If Trevor Noah can eat mopane worms…

mopane worms

Big, fat, yellow writhing blobs dropping off trees, carpeting the floor like a panoramic sea of black-speckled, custard-infused dog turd. Mopane trees…mopane worms. We were visiting my grandpa Ray at his plot in Ashburton, Natal. And it was raining caterpillars—thousands. No, millions. Look down and a worm could drop on your head, look up and you’d burst a bunch underfoot. Hobson’s choice. I’m from Joburg, the suburbs—we have parktown prawns but mopane rain, jislaaik! What could I do, other than scrunch my eyes, grit my teeth, fight the grils and look down; mopane guts splatting all over the place as I hopped, unsuccessfully, through the gauntlet. If the little horrors were going to come into contact with my person, I’d rather it were under the soles of my shoes than a spongy plop on my upturned face, thanks.

Some might describe the taste of the mopane worm as salty, like peanuts or burnt steak—depending on whether you’re snacking on it fresh or eating it fried. Like that time one of the waiters at Squires in Edenvale (where my man Zan) worked, whipped out a bag of dried mopanes, fried ‘em up and chugged ‘em down. I’d like to say that on that day in Ashburton the ghost of ‘oops’ flitted across my conscience as I remembered mopane worms are how many of the poorest South Africans survive the day but if there was such a shadow, it was quickly murdered by an onslaught of terror.

Now, we’ve always a strict gratitude policy in our house when it comes to food. One little inch of a complaint and it’s dry bread. And wasting is a ‘no-way’ thing. If you’re full, that’s fine but not finishing a meal ‘just because’ and you’ll get your leftovers for breakfast…then lunch, dinner—as long as it takes. We’ve had some interesting encounters with Weetbix, scrambled egg and a bite of zucchini that stayed in my 4-year-old son’s mouth for six hours—he refused to swallow, we refused to let him spit. Silence. Hours of it. From 1pm until bedtime, whereupon Jackson opened his mouth so that we could brush his teeth…and there, in his cheek, nestled the soggy scrap of zucchini he’d inserted a lifetime ago. Jackson might’ve won that battle but not the war—never the war.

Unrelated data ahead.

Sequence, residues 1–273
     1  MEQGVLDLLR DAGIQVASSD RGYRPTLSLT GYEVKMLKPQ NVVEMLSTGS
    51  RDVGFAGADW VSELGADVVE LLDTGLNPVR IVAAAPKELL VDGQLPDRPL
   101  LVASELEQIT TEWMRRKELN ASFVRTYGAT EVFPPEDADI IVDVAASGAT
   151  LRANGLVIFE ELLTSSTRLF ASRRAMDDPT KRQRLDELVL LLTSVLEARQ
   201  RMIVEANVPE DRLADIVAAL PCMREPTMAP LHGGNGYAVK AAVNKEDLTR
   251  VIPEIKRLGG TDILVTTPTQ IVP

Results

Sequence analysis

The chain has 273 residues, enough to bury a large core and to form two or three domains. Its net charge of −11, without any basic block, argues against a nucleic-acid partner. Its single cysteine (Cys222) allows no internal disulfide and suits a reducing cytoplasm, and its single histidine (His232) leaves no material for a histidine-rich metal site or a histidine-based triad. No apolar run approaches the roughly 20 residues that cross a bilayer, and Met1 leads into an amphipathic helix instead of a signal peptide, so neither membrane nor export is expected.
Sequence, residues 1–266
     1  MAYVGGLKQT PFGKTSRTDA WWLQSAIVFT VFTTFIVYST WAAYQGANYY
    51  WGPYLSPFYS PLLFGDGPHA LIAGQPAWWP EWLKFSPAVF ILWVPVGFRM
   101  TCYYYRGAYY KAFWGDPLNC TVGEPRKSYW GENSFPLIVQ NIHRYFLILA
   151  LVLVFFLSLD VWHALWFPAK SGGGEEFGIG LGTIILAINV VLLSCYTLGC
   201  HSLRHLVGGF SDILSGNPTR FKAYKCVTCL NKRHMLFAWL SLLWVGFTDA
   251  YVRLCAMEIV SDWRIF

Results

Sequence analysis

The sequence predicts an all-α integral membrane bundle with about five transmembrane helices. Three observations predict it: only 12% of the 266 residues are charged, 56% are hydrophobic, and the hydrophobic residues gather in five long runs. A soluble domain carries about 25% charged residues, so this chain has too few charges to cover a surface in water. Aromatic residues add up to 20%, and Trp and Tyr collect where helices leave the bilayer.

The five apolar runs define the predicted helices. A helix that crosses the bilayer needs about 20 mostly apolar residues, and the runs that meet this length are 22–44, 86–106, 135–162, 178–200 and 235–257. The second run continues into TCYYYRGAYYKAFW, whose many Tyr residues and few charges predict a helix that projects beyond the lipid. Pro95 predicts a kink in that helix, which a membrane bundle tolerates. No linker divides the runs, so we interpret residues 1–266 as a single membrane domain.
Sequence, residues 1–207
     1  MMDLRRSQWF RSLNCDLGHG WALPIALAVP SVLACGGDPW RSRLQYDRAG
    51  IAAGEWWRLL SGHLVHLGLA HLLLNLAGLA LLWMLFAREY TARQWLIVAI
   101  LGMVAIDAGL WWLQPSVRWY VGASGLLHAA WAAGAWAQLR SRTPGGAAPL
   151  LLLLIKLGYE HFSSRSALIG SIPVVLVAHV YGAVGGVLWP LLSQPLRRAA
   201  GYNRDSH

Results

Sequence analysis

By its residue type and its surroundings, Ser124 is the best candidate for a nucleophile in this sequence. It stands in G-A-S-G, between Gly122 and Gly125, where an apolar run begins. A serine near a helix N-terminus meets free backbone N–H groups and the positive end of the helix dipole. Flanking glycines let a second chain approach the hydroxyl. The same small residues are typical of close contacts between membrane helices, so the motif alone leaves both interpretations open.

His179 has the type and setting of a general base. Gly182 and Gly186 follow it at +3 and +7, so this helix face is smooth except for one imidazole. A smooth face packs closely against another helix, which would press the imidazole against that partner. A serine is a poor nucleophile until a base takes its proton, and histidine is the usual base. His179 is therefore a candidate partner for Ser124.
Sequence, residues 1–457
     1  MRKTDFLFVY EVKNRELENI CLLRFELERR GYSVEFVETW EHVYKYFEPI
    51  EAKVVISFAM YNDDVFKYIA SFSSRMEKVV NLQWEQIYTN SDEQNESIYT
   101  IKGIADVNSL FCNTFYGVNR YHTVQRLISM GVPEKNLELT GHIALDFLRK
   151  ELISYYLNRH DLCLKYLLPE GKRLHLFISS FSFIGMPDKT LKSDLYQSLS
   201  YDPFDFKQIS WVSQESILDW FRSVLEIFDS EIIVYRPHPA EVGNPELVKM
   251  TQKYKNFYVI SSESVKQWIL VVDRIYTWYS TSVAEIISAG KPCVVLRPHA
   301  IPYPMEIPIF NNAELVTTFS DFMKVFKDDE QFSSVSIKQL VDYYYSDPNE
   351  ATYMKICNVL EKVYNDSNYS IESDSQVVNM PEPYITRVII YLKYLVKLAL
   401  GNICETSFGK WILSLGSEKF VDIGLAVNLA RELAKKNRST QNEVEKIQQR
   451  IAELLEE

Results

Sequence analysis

It’s basically this: there are people starving in the world, we are privileged and at the very least, we can show respect by having the curtesy not to complain about good food that, in another time, place or paradigm, would be not only life saving and sustaining but damn delicious. And there’s another thing: we live a multicultural city where people eat all sorts of things and, in fact, learning to accommodate a variety of strange tastes is never a bad thing. Right?

Also, I’m South African. 

Eat what what you’re given and say thank you. Unless it’s caterpillars.

Walkie Talkies, chicken feet, tongue, mushy Weetbix that you asked for and then took too long to eat, scrambled egg that got cold, a squishy zucchini that wouldn’t have been as squishy if you’d just chewed and swallowed in the first place—fine. But mopane worms…

I know.

I can feel the blood cascading out my eyes and down my face as I haemorrhage middle-class, white hypocrisy all over my easy morality. Respect for food, poverty and culture blah blah blah.